On this day in 1967, CBS broadcasts an interview with President Lyndon Johnson and his wife, Lady Bird, in which they spoke candidly about their daughters. The same day, their daughter Lynda Johnson was married at the White House.
In the interview, recorded on December 8, Johnson, who was commonly thought of as a bold, tough-talking swaggering Texan, revealed his softer side and his tender feelings toward his wife and two daughters, Lynda and Luci. Calling his "three girls" the "great pluses" in his life, Johnson admitted that the White House would feel emptier now that both daughters would be married and gone. When asked if he had a "favorite" daughter, Johnson replied that he had never known any parents who had a "favorite" and that he loved each child equally, though he recognized their differences. While Lynda was ambitious, studious and intelligent, Luci was creative, "very gay and not concerned with being Phi Beta Kappa or leading the class or making the honor society," he said. He compared Luci to his mother who was "one of my very special favorites...she was creative, literary and [appreciated] nature." Lynda, he said, was more like his wife: conservative, prudent and business-oriented. "After all," he quipped, "Mrs. Johnson is the only one in our family that has ever met a payroll, you know."
When asked for his assessment of his future son-in-law, Charles "Chuck" Robb, Johnson expressed admiration for the young man's deft handling of a press conference the week before regarding his and Lynda's impending marriage and said that he liked him "very much." Johnson was also asked how he felt about the fact that Robb, a Marine captain, would be heading off to the war in Vietnam soon after the wedding. Johnson stated that he was grateful and appreciative that any young man was willing to give his life to serve his country, but did not elaborate. The reporter then changed the subject.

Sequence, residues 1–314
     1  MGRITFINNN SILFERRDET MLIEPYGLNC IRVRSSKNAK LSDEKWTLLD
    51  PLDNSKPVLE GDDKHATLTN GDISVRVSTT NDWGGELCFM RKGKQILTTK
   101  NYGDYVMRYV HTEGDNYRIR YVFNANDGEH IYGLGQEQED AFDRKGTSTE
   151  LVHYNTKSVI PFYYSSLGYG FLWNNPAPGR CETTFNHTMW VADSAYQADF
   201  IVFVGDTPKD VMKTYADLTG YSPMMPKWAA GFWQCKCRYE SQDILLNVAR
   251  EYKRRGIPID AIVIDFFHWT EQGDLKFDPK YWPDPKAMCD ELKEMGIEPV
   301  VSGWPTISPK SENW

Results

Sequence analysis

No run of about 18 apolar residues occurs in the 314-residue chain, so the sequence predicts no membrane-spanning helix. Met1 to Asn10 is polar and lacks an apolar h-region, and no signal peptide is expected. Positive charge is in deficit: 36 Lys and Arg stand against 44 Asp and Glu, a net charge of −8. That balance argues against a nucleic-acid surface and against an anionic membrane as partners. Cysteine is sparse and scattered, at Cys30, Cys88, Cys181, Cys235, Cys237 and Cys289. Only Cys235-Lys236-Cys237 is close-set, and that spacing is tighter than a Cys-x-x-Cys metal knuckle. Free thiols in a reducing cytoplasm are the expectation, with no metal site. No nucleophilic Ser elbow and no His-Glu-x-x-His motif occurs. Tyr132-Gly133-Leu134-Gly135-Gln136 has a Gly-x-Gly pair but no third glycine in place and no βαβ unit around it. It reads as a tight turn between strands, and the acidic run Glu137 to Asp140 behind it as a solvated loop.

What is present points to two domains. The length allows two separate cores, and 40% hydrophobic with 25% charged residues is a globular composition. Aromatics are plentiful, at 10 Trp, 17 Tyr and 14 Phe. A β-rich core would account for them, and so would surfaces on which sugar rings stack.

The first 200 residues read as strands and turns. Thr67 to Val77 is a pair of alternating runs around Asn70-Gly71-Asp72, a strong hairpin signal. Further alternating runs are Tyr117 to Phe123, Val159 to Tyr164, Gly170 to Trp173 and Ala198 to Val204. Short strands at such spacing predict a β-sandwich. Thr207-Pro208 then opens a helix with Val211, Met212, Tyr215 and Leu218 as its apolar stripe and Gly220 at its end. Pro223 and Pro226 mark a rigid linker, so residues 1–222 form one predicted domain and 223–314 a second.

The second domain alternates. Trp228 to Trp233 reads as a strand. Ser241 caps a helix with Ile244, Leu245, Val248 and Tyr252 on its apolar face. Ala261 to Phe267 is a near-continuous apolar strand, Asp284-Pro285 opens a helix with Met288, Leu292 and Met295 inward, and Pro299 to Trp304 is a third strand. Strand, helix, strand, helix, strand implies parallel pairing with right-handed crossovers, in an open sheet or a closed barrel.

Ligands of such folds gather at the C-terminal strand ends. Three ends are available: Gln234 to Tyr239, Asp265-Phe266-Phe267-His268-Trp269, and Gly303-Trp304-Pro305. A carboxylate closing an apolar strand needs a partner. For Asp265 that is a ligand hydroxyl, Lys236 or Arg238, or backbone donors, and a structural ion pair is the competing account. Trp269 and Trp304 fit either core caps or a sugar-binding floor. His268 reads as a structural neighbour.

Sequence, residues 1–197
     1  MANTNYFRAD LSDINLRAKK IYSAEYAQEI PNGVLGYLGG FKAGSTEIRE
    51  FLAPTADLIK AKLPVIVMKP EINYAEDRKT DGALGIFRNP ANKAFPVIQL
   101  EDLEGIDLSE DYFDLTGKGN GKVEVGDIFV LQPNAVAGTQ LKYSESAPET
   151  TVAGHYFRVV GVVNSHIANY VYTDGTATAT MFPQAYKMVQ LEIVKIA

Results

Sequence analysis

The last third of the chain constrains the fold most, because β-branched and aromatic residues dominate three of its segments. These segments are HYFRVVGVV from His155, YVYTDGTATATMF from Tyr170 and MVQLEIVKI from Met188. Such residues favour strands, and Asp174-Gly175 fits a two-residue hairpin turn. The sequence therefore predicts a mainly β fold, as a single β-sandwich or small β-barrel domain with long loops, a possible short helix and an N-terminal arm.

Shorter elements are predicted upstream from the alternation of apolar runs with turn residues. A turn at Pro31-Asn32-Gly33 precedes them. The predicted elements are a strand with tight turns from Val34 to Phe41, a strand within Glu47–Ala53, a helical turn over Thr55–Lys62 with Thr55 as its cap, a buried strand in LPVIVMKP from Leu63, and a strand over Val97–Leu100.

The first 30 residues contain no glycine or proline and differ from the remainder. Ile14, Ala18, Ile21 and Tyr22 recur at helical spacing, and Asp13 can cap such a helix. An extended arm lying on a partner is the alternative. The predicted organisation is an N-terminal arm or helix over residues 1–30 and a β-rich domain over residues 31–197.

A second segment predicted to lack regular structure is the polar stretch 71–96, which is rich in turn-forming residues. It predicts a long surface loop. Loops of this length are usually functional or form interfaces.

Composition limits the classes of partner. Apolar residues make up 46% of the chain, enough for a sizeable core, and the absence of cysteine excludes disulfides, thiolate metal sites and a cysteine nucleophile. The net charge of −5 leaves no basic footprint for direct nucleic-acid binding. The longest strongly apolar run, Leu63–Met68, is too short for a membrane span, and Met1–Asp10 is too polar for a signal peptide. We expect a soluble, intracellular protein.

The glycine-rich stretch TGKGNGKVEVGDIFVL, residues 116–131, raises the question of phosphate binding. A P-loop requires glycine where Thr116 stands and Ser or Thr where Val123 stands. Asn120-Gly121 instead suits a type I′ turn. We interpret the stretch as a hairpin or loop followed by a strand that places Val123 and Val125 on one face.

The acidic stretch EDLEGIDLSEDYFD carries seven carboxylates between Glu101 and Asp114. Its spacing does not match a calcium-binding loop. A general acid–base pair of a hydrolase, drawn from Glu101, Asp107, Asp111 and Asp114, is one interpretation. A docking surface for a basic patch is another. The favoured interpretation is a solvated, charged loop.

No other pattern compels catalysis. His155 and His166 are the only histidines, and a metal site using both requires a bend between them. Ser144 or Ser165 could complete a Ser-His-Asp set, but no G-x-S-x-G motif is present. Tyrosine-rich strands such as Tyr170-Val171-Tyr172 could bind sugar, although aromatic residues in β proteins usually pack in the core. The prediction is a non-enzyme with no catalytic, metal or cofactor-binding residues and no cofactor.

On the morning of December 9, Johnson gave away his daughter in a private ceremony held in the White House East Room. Chuck Robb served with distinction in the Vietnam War and returned home safely in 1972. He went on to serve as governor of Virginia (1982-1986) and was elected to the U.S. Senate in 1989. In 2004, he chaired the Iraq Intelligence Commission appointed by President George Bush to investigate intelligence failures leading up to the war in Iraq. Lynda Johnson Robb is a contributing editor for Ladies Home Journal and advocates for children's literacy programs.